Who Invited Mother Nature on the All-Boys Weekend?

Dave Gregory

There are few places on earth where you can walk to the face of a glacier. Not that Moore, Rose, Lasseter, and Wynn did much walking on their trip. Busy men, late fifties, early sixties, interchangeable in appearance, they were powerful executives who made obscene amounts of money in oil and mining. They flew a private jet to Juneau, where Lasseter’s sleek new yacht and twelve-person crew awaited, then cruised overnight to Skagway. A van collected them at the pier and brought them to the tiny, control-towerless airport. Their helicopter soared over a stunning, rugged vista of rock, trees, and ice, then landed near the railroad tracks, leaving a modest hike of three hours to reach Laughton Glacier.

“Would you look at that,” Rose exclaimed as the group left the woods and emerged onto a barren, sloping plain of silt, rubble, and meltwater from the retreating glacier. “It’s like massive fingers of ice grasping the mountain ridge, ready to rip it apart.”

Turning full circle, Wynn scanned the valley’s contrasting landscapes. Below were pines, rivers, and waterfalls; above were rock, ice, and snow. It was July. "It’s incredible. The air tastes so different from Houston. This is the longest I’ve been away from my desk since the Deepwater Horizon hearings, but this was worth leaving the office for.”

“Agreed," Lasseter spoke without irony. “I often forget how beautiful nature is. Glaciers are disappearing fast, so I’m glad we made it. Some people may never get a chance to see one.”

Abel was their guide, a long-haired, unshaven university student from Utah, on his third summer with Packer Expeditions. “If we keep up this pace, it’ll take an hour to get close enough to touch the glacier.”

“Can we chill our Dom Pérignon with glacial ice?” Moore asked.

“Absolutely,” Abel assured him.

With each careful step, the billionaires couldn’t resist admiring the bold landscape of mineral and water luring them forward. Two additional guides followed, carrying supplies for an evening meal and enough wood for the bonfire the men intended to build.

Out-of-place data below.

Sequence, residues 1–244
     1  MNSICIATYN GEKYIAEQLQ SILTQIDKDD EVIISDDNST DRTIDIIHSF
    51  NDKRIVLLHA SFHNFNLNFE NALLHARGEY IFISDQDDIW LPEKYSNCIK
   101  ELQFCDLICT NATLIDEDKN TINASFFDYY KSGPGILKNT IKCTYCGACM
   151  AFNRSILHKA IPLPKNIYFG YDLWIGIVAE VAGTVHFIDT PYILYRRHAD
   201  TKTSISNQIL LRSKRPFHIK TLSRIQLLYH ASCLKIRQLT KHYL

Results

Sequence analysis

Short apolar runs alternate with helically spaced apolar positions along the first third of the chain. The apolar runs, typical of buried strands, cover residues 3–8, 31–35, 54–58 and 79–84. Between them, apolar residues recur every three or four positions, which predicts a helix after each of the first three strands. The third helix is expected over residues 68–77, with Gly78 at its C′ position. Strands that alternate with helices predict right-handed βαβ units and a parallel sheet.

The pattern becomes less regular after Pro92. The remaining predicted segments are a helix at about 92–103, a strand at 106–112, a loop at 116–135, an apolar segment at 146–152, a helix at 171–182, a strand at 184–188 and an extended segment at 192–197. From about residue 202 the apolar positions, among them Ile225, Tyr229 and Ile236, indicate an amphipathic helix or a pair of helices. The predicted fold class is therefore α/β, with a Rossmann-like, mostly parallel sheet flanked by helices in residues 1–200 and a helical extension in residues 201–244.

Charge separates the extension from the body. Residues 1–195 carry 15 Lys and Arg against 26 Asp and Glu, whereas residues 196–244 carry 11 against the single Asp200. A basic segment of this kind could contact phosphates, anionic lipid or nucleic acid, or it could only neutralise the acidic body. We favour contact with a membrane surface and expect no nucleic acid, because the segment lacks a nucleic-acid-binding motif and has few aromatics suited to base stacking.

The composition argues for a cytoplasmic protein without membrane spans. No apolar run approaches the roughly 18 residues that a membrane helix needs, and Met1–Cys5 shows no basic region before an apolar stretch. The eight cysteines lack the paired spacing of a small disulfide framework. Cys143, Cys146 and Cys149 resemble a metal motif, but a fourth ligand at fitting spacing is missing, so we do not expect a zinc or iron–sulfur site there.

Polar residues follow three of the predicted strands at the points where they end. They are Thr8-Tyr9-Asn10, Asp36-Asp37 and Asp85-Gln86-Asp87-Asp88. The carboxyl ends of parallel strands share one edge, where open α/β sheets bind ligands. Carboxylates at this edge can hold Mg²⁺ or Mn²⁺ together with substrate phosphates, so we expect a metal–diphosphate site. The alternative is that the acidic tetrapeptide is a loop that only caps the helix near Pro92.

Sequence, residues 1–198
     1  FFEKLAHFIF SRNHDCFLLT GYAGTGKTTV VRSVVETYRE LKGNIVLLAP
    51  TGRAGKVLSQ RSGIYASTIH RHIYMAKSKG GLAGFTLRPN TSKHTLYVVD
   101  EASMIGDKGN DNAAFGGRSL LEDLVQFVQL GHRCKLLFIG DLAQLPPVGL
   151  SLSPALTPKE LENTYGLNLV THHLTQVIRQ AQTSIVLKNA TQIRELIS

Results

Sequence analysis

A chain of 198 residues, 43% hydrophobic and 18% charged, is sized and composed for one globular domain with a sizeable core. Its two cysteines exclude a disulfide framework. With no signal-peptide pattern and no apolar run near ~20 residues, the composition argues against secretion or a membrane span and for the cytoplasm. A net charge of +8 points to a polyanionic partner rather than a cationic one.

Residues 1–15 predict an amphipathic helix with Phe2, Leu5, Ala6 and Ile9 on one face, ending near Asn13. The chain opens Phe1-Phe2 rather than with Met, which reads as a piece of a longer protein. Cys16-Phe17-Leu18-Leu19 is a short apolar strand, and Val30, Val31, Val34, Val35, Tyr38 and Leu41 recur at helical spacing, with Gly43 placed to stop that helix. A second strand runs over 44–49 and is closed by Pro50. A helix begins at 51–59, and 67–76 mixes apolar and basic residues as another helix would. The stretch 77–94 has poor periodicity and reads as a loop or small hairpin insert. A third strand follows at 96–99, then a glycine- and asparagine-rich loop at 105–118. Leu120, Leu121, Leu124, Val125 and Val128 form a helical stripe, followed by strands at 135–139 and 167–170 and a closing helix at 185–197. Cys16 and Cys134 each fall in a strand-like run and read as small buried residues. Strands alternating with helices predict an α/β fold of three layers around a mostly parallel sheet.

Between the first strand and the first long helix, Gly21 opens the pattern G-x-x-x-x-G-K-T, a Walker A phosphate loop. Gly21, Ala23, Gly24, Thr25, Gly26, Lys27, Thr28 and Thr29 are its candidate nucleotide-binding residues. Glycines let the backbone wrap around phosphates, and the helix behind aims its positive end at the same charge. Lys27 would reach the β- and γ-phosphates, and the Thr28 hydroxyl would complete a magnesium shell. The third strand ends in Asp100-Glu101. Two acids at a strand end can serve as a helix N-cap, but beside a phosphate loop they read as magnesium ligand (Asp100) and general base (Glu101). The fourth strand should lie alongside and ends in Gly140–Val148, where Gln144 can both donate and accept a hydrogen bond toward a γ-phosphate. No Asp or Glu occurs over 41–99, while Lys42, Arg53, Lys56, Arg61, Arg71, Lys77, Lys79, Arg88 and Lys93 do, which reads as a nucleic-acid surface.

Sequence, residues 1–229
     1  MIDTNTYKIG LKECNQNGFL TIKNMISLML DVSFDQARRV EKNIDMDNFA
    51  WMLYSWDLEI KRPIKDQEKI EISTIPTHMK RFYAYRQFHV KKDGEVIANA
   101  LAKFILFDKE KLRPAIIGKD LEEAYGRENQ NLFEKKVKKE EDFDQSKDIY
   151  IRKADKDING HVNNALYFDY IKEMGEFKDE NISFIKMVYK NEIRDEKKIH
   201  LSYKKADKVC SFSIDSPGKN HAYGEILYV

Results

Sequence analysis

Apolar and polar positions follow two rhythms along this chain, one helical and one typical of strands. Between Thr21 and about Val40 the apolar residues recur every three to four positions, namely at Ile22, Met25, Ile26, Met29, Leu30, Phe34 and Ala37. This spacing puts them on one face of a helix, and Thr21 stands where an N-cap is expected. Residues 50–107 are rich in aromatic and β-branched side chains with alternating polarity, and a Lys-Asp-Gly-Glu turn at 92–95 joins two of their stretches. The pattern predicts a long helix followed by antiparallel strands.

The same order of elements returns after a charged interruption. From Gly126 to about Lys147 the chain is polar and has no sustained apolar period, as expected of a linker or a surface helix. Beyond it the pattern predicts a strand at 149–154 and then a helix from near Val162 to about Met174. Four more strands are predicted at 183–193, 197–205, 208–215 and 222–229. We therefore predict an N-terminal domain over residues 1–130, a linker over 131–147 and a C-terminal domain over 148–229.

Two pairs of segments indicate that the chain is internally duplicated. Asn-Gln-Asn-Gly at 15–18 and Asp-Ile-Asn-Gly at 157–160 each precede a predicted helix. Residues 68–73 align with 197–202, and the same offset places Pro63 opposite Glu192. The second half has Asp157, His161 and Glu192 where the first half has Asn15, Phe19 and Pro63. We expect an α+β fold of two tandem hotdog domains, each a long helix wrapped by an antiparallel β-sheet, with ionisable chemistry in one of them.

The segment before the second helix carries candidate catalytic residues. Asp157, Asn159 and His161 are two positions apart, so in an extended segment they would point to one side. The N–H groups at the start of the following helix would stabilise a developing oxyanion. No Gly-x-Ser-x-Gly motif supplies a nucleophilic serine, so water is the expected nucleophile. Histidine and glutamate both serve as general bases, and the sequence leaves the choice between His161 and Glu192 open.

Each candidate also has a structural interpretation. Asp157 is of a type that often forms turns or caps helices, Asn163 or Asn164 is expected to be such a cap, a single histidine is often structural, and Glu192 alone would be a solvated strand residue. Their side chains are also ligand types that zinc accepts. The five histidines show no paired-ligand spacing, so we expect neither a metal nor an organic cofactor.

Arriving at the glacier, their Moncler hiking boots still appeared brand new, but the executives were out of breath. And disappointed.

Lasseter spoke. “It’s covered in filth.”

“No wonder it doesn’t melt in summer. It’s insulated by a layer of muck,” Wynn added.

Abel expected such comments. “It is melting. Every drop of water you see, including the river, is glacial runoff.”

Moore considered. “Wouldn’t that be something to bottle and sell? Imagine the markup on pure glacier water.” He surveyed the land, imagining his next factory.

Abel continued. “But it isn’t pollution. It's all-natural. Glaciers consist of compacted snow, centuries old. They’re incomprehensibly heavy and pulled by gravity. Sheer weight grinds rock into a powder finer than beach sand. The dirt we see is actually pulverized stone.”

“What’s that blue up there?” Rose asked.

“Ah, that’s the true color of this natural marvel, peeking through last winter’s snow. Glacial ice is so dense it absorbs every color of the spectrum, except blue.” Abel pointed his axe at the muddy glacier before them. “If we’re lucky, we’ll find that same cobalt shade immediately below this dark layer.”

Abel chipped through a coating of frozen stone particles until he reached the purity he sought. With delicate precision, he carved a dozen ice cubes. Not long afterward, the sound of popping champagne corks echoed through the valley.